Whether you realise or not, most of us have some degree of privilege. Privilege doesn’t mean that your life has been perfect and without any difficulties – it means benefiting from structural systems of oppression.
  3. Privileged people feeling ‘blamed’ for the past.
    People sometimes feel defensive in conversations about privilege. A common example is white people feeling they are being asked to apologise for slavery. But no individual is responsible for social institutions, or the history one inherits. But all individuals can pay attention to how we participate in institutions and deep rooted systems of oppression, especially the ways in which we continue to benefit from them – and could alter them!
  4. Revealing privilege is the same thing as naming and shaming.
    Revealing privilege is drawing attention to our own involvement in systems of power and oppression, showing us how the system continues to work (and how we can interrupt it).
  5. The system is meritocratic.
    Most of our institutions are structured around a series of privileges and oppressions, which benefit some at the disadvantage of others. Merit and hard work do matter in achieving success. But many who are very qualified and work hard lack privileges that would make success more likely. Some of these discriminatory practices may not have even been intended by those who created them, but are instead an unconscious reflection on the world we live in.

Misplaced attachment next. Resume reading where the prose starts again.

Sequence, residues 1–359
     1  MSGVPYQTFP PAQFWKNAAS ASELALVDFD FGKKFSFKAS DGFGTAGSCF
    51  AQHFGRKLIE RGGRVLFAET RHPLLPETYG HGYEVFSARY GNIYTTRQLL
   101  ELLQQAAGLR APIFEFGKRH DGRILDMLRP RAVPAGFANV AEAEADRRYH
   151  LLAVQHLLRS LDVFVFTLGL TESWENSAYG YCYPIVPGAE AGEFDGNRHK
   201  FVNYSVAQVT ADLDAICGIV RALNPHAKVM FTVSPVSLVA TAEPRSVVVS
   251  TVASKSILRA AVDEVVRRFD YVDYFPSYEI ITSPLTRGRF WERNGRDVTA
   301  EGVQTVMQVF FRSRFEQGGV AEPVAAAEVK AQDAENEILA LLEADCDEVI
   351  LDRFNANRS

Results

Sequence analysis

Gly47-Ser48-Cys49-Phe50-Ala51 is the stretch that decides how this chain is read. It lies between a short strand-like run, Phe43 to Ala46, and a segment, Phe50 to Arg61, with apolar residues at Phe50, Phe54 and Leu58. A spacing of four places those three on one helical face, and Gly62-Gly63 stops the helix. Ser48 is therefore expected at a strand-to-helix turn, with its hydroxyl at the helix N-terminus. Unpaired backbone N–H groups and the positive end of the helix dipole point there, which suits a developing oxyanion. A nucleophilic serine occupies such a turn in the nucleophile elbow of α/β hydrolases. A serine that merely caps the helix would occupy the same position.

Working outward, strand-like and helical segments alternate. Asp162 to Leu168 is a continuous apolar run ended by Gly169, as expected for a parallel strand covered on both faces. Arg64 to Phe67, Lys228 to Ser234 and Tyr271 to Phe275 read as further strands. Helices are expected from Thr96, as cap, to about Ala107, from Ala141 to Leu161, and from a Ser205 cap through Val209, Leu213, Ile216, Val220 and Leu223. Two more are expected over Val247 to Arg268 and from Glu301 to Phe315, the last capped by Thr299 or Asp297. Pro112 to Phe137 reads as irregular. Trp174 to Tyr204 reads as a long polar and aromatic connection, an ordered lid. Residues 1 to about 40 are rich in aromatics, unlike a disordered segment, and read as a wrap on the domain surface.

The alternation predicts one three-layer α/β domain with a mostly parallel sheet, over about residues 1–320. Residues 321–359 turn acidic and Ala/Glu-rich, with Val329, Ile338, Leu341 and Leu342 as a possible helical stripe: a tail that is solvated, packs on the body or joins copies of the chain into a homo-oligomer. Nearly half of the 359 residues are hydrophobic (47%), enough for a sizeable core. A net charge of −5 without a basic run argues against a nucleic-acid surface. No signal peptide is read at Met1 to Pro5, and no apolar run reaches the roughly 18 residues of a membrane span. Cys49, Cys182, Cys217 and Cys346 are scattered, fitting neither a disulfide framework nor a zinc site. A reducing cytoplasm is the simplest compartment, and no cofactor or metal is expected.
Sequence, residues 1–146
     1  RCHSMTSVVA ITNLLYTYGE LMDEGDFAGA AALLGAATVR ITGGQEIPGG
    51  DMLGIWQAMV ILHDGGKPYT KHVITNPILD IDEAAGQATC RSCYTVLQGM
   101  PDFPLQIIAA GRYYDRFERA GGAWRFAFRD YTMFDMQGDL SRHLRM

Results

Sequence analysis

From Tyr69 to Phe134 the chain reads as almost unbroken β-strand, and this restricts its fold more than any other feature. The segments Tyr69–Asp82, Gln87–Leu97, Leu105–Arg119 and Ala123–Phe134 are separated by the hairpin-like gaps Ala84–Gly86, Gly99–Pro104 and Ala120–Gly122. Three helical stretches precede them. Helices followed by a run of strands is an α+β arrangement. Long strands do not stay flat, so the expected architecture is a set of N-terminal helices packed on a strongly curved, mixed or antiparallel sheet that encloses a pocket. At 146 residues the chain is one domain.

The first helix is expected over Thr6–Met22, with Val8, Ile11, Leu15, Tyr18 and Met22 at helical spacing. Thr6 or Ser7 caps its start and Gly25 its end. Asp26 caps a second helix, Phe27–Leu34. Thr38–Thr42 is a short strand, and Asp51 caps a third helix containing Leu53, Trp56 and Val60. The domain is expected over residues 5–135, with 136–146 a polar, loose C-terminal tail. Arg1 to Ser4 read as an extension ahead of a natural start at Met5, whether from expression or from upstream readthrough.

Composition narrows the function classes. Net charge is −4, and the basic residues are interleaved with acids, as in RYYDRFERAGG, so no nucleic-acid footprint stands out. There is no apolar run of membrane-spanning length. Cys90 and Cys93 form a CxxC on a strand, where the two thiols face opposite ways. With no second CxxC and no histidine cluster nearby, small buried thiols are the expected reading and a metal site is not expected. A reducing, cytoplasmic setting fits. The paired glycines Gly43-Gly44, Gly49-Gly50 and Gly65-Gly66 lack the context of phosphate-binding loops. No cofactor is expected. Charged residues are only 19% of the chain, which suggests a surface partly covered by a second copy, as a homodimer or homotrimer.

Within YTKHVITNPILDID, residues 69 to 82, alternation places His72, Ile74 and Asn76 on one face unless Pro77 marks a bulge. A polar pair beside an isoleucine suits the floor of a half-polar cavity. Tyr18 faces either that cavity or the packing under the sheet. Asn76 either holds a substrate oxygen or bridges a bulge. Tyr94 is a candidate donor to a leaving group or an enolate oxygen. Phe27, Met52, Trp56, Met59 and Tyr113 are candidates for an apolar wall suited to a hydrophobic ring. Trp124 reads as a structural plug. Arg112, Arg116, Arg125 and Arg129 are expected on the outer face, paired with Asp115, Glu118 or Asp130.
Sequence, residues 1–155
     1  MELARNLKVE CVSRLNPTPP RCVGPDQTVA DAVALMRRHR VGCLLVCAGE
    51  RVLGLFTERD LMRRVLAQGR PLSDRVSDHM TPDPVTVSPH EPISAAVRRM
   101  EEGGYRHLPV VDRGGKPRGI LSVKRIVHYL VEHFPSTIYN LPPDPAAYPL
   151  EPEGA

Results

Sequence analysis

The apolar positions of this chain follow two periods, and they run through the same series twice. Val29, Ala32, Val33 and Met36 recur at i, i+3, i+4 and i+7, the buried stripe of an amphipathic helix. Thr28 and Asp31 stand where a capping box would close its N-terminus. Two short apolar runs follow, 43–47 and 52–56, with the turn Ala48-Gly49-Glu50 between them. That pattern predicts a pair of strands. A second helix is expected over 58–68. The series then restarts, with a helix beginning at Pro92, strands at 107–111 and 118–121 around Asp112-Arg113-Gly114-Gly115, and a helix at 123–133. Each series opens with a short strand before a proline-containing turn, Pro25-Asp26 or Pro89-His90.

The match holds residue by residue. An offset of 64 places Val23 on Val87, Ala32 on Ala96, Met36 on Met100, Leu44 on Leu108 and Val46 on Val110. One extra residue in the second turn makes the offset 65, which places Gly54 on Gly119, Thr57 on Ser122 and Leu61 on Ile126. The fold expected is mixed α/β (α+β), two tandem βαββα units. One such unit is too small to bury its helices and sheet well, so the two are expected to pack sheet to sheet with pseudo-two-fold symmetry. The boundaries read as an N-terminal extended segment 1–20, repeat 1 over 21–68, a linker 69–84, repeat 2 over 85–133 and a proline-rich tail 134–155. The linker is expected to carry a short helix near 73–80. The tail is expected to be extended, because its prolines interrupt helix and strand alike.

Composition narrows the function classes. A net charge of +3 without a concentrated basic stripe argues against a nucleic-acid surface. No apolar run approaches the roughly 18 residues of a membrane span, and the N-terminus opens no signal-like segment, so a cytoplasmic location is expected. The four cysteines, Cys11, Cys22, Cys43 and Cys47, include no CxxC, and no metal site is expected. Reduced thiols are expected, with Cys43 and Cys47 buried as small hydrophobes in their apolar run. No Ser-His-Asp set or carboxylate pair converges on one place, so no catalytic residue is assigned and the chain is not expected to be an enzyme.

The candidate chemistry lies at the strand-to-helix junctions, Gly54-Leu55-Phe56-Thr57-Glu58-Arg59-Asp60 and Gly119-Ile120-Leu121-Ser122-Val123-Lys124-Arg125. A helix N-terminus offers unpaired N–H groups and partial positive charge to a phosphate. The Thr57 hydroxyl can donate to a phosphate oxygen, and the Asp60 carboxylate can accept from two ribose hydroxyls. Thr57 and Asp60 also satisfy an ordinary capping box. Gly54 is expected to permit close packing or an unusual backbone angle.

Importantly, Professor Peterson drew attention to the fact that we are encouraged to be blind to privilege by the people who stand to benefit from them. Systems of privilege are also supported by individualistic ideologies which blame the person for their problems, rather than structural barriers which disadvantage them; and by practices of comparing upwards (eg. ‘I can’t be privileged – because he’s richer than me!’), rather than noticing how much harder conditions are for those ‘below’ us.

How do systems of privilege operate?

Professor Peterson used Allan Johnson’s work on paths of least resistance to argue that power operates through the path of least resistance (eg. what you’re supposed to do in order to simply ‘go along’ and feel you belong). Often, all that is required for us to uphold systems of oppression is to acquiesce to what is normal – to follow expectations, even when laughing at a racist joke actually perpetuates racism. In this way, we all participate in systems of oppression, often without even realising it. While we can’t choose to live outside of social systems, we can choose how we interact with them. As such, we need to learn to recognise privilege when we see it, in order to begin to resist it.

What can I do?

Professor Peterson highlighted four simple ways in which we can begin to interrogate and dismantle these systems of privilege and oppression.

  1. Inform yourself of how power and privilege operate.
  2. Be aware of your own privileges and the pathways of least resistance they operate through.
  3. Don’t leave the difficult work of education and resistance to those who are oppressed.
  4. Take responsibility for your own participation.

 

See also ‘Power, Privilege, and Difference’, by Allan G. Johnson. McGraw-Hill Education, 2005.